Step Two: Laying the Groundwork

CHAP Steps to Success: STEP 2: Laying the Groundwork:

There can never be too many physicians, pharmacists and community organizations who support the CHAP initiative.  Recruiting CHAP Volunteers is equally important, as they run the sessions and are the backbone of CHAP. Another critical component of the CHAP initiative is to ensure you have a Designated CHAP Health Care Professional ((A ‘Designated CHAP Health Care Professional’ is anyone whose scope of practice includes assessing blood pressure.  This may include a pharmacist, physician, nurse, nurse practitioner or registered practical nurse (RPN).  In other CHAP communities, a public health nurse has filled this role.)) to oversee the Volunteer training and to be available for the CHAP sessions.

E) Involve local physicians, pharmacists and other health care providers


CHAP supports primary care.  The recruitment of physicians and pharmacists to participate in and promote CHAP is very important.  They need be aware of CHAP’s value to their practices, actively refer patients to CHAP sessions and provide timely and appropriate follow-up with diagnosis and treatment for their patients. These two professional groups are a major building block for implementing and sustaining CHAP in your community.

One of the most effective strategies previous CHAP programs have used to recruit physicians and pharmacists is to use a local opinion leader within that profession in your community.  (See Appendices 4 and 5.)

Working with: PHYSICIANS

When working with any physician it is very important to stress that CHAP is evidence-based and adheres to Hypertension Canada Guidelines.  Be sure to welcome discussion and feedback from their own clinical experience.

How to Recruit Community Physicians:

  • Ask to be added as an agenda item to an existing physician meeting or invite physicians to a CHAP information session.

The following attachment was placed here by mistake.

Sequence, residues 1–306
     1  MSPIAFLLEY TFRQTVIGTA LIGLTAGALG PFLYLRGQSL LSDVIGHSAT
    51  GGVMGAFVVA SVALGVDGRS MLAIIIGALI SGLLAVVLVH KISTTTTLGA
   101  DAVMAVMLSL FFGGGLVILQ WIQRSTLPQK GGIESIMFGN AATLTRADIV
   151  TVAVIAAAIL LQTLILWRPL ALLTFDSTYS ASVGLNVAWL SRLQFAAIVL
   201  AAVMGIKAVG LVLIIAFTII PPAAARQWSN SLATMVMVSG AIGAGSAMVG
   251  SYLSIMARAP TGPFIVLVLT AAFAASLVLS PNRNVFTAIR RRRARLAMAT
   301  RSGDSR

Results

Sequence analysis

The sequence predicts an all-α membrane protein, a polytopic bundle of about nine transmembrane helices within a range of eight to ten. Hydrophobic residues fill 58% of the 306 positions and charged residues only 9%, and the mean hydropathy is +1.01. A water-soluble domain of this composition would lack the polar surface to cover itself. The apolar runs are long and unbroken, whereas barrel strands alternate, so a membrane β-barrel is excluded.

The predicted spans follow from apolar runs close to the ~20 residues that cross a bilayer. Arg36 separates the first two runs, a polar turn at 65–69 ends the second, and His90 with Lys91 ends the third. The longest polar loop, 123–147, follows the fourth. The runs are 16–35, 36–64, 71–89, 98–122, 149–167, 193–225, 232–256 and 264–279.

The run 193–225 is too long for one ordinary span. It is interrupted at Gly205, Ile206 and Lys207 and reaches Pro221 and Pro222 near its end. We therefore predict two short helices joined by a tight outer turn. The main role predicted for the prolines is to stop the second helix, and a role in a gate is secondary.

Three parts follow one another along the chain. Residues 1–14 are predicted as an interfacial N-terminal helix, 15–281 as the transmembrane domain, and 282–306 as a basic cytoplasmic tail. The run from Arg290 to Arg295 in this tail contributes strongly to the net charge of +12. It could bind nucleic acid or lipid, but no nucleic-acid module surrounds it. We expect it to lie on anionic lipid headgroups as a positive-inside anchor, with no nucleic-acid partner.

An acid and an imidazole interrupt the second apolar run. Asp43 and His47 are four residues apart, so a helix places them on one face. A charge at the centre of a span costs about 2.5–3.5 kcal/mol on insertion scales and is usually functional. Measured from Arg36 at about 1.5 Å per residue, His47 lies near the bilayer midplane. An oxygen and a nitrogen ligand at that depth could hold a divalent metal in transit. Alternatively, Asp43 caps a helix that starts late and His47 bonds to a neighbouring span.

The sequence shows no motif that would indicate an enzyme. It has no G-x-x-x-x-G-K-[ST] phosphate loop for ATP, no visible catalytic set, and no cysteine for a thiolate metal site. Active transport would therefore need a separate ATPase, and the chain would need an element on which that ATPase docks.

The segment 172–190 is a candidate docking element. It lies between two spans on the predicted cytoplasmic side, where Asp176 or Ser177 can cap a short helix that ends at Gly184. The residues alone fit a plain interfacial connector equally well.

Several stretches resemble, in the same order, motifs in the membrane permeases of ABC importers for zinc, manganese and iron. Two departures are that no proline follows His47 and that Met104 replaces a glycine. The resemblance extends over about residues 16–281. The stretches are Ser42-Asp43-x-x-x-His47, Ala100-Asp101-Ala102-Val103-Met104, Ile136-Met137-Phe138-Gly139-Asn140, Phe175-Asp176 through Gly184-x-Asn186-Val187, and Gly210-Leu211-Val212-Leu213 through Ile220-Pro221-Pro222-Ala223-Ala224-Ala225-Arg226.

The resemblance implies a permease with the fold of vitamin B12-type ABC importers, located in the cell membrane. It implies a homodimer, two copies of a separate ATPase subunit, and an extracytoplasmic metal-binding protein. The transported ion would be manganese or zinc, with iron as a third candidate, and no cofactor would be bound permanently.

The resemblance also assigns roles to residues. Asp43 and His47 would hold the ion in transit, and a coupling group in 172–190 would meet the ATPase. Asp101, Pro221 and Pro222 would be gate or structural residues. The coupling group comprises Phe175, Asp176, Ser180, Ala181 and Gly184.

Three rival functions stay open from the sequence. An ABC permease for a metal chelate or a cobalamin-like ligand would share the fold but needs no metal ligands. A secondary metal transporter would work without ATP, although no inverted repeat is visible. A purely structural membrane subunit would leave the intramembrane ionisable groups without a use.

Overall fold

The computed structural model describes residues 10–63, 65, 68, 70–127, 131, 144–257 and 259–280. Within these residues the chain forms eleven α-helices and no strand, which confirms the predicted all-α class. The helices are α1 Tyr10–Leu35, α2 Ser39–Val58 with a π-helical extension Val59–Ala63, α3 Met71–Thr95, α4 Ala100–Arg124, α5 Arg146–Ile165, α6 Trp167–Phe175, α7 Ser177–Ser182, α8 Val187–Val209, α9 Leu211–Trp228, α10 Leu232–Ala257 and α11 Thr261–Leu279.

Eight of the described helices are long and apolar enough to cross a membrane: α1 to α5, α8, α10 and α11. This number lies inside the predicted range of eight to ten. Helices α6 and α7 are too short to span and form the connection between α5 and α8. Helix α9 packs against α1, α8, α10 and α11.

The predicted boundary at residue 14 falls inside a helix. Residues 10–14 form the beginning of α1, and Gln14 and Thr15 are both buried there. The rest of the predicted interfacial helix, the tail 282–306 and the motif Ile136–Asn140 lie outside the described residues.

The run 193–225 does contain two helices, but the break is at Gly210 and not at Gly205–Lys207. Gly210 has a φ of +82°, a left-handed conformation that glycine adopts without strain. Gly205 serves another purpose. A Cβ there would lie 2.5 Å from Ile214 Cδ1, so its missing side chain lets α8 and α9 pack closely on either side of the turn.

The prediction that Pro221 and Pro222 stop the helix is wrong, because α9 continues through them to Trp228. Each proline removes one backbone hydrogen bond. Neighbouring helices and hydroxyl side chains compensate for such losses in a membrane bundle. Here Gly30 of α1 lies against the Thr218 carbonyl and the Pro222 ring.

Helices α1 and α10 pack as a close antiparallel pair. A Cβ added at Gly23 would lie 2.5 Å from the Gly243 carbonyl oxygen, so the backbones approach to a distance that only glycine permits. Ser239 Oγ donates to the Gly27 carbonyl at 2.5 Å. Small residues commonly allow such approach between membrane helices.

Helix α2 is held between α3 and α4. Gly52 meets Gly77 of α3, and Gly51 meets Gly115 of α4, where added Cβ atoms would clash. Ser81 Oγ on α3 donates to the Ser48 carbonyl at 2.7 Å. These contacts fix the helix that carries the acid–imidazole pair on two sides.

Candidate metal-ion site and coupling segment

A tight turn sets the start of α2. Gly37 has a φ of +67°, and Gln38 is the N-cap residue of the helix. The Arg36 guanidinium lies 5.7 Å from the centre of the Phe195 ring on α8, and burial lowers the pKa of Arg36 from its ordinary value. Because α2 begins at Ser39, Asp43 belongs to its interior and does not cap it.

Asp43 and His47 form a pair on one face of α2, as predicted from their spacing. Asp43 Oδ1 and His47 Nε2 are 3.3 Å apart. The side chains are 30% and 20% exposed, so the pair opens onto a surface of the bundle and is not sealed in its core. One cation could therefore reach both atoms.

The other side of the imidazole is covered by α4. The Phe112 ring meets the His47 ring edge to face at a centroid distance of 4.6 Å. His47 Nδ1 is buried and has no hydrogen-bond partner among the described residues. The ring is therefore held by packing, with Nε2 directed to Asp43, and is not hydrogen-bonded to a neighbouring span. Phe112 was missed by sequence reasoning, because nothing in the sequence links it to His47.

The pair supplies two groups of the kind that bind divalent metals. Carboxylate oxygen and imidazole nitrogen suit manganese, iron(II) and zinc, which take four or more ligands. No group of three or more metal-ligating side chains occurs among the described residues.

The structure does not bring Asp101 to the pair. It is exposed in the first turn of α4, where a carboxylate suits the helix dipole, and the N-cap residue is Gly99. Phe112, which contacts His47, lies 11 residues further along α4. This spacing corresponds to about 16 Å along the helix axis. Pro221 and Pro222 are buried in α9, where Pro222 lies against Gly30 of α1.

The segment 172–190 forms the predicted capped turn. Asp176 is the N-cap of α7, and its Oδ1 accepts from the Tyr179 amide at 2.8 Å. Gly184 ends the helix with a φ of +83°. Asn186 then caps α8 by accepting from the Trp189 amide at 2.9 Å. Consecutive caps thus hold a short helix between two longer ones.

• Mail letters to local physicians and follow up with phone calls and office visits.

You may need to approach physicians more than once to get  a high level of participation.  Appendix 3 includes a sample presentation for stakeholders, (Appendix 3.1, Information Session Sample Presentation) including physicians, which can be modified to suit your audience and the time you have available.

If you know a physician opinion leader, you may want to ask them to invite other physicians to attend a CHAP information session. The invitation letter should briefly introduce CHAP and outline the format for the session, using:

  • Physician’s Letter of Invitation to Information Session (Appendix 4.1), and
  • CHAP Fact Sheet (Appendix 2.2).

When  you meet with the physicians, (as a group, or individually)  hand out:

  • CHAP Session Blood Pressure Protocol (Appendix 4.4)
  • Family Physician Frequently Asked Questions (Appendix 4.3)
  • CHAP Essential Elements (Appendix 3.4)
  • Risk Profile Recording Form (Appendix 7.3)
  • Patient Blood Pressure Alert Form (Appendix 7.6)
  • Physician Letter of Understanding (Appendix 4.5)

Letters, Phone Calls and Follow-up Visits :Try a personalized visit or phone call to introduce CHAP to a physician’s office staff. Send an information package including:

  • CHAP Fact Sheet (Appendix 2.2),
  • Family Physician Frequently Asked Questions (Appendix 4.3) and
  • CHAP Session Blood Pressure Protocol (Appendix 4.4)